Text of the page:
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Dynel Lane sentenced to 100 years for cutting baby from stranger's body

A judge sentenced Dynel Lane to 100 years behind bars for cutting a woman's baby from her womb.

A judge sentenced Dynel Lane to 100 years behind bars for cutting a woman's baby from her womb.

Lane, 35, was found guilty in February of seven counts against her, which included attempted murder and unlawful termination of a pregnancy. Friday, she received the maximum sentence for both of those convictions.

Prosecutors asked for a total of 118 years for all crimes.

The Longmont woman used a Craigslist ad for maternity clothes to lure Michelle Wilkins to her house in March 2015. Lane beat and stabbed Wilkins, who called 911 herself. Wilkins was seven months along in her pregnancy at the time of the attack. She was severely injured but survived. The baby, Aurora, did not. Prosecutors did not charge Lane with murder because the coroner said the baby did not live outside of Wilkins’ body.

Wilkins addressed the court during Friday's sentencing hearing. Before Wilkins began speaking, she displayed a large poster picture on an easel. The court could see Aurora's face as Wilkins said she has waited for Lane to take responsibility for the crimes. She called Lane's actions a "narcissistic fantasy" and told her attacker that she lost the privilege to live in society.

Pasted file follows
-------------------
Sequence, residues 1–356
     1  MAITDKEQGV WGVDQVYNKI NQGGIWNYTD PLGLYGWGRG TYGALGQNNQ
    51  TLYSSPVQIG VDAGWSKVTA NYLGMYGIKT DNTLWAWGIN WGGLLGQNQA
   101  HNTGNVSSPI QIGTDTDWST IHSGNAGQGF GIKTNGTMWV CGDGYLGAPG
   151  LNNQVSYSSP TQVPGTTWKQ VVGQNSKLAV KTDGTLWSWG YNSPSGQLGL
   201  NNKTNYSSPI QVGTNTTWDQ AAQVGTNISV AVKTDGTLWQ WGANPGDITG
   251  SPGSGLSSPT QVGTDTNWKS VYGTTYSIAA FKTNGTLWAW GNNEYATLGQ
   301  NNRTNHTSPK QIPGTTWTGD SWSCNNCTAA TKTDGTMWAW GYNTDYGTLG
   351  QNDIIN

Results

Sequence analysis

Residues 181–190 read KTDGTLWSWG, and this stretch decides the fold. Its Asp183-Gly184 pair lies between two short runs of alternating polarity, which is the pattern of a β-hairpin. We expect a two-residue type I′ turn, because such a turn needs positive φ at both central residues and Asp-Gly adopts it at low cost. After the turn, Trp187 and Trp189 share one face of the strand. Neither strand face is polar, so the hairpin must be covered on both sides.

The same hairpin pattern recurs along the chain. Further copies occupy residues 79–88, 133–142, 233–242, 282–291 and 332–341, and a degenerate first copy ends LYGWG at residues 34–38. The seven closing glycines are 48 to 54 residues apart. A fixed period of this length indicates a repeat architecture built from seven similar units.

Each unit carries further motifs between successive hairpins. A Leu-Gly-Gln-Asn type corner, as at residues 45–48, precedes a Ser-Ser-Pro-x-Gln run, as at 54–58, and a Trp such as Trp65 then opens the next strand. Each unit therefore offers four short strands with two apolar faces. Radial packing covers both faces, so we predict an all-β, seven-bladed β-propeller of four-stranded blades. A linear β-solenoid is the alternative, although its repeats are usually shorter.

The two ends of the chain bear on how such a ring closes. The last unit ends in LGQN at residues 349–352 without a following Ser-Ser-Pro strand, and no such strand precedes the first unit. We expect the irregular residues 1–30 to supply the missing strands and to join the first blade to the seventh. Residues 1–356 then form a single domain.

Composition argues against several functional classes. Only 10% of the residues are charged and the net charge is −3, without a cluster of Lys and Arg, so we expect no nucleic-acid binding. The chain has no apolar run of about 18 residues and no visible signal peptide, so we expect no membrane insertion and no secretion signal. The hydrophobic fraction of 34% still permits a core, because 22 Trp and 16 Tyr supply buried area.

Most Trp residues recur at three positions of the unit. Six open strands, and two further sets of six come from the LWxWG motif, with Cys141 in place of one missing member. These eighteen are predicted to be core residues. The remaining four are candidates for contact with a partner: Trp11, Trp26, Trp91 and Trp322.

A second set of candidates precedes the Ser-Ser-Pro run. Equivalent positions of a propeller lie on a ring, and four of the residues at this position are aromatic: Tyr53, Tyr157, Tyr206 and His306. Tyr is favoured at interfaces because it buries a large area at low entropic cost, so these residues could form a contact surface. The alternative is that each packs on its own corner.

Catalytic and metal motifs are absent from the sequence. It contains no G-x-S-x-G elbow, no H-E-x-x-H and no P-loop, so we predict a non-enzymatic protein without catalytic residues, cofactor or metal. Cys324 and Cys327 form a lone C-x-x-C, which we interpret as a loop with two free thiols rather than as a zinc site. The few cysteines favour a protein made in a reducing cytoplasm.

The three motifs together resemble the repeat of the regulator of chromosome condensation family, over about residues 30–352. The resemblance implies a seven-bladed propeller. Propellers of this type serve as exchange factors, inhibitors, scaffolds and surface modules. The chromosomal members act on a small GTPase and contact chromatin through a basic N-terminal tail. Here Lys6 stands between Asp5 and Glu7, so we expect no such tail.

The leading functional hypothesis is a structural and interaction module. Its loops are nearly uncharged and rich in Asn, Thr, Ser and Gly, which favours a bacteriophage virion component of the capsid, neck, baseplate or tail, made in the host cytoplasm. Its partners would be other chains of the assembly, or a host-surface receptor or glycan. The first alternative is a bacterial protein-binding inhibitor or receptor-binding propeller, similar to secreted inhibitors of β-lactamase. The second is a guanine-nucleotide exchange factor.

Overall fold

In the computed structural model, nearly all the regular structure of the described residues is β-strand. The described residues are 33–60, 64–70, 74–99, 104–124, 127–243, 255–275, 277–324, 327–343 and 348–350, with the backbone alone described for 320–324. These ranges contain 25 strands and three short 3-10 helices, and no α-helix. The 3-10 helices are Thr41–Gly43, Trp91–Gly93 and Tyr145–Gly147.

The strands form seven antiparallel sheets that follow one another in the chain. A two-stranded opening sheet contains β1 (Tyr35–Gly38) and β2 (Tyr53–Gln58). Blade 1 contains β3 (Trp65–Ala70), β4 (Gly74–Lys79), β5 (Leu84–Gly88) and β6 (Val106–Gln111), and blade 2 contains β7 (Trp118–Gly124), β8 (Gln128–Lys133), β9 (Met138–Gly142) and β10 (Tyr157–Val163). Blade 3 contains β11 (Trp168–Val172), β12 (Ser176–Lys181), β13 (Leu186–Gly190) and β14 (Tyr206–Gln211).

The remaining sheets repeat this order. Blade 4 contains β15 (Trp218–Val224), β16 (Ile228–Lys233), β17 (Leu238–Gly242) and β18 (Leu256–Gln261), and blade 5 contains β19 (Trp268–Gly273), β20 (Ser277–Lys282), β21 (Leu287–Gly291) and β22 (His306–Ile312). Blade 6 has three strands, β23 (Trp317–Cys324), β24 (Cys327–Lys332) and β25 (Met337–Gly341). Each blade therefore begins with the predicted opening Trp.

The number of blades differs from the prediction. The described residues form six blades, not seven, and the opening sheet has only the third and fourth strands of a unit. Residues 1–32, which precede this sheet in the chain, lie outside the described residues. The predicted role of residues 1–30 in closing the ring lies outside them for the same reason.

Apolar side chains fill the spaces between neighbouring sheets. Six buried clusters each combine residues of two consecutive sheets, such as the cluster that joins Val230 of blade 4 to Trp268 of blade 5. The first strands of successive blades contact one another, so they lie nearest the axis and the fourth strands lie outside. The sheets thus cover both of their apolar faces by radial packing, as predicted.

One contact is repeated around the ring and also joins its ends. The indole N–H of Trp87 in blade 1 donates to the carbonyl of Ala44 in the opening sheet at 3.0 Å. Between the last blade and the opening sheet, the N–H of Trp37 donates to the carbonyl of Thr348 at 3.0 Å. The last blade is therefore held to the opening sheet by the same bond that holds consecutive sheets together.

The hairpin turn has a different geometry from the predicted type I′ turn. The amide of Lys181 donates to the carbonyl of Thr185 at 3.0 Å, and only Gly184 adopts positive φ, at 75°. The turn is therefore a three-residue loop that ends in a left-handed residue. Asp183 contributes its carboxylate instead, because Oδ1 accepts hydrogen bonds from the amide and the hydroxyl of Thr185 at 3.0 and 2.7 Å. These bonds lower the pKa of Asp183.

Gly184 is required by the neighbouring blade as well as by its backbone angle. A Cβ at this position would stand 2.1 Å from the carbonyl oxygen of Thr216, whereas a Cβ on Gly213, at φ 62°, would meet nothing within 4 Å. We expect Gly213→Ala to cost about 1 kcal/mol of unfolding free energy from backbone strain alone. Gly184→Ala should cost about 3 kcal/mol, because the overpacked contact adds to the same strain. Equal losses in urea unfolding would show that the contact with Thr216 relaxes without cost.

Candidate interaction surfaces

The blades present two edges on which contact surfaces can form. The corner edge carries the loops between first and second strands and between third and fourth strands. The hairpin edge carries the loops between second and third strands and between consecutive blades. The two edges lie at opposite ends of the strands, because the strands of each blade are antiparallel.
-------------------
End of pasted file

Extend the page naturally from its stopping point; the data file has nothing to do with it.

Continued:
A photo of Michelle Wilkins' unborn baby, Aurora, placed in the courtroom on Friday. 

Wilkins' father, mother and sister also spoke. Her father said what Lane did was savagery.

Boulder District Judge Maria Berkenkotter preceded her sentencing announcement by saying Aurora will never go to elementary school or go to the grocery store. Berkenkotter told Lane she stole from the Wilkins family and her assault was "brutal, shocking and cruel."

"It's difficult to imagine anyone would do this," Berkenkotter said.

While Lane opted not to give a statement, friends and family members told the judge these crimes were not typical of Lane's character. A friend read a letter from Lane's older daughter than said her mom did wrong but "I still love you."

During the trial, prosecutors focused on Lane’s obsession with having a baby and told the jury Lane lied about being pregnant. They showed pictures of Lane at a baby shower and said Lane printed off ultrasound photos from the internet. A doctor who saw Lane at the hospital testified that she changed her story about giving birth after an exam.

The Boulder County jury deliberated for about seven hours before returning a verdict.

Defense attorneys did not deny Lane’s involvement in the attack but said it was not a planned, calculated event. The defense hoped the jury would find their client guilty of manslaughter.

In an interview with 9NEWS, Wilkins said of the grieving process, "Sometimes you have to be without that rational thinking and cry and be completely vulnerable to the emotions that become present and show up."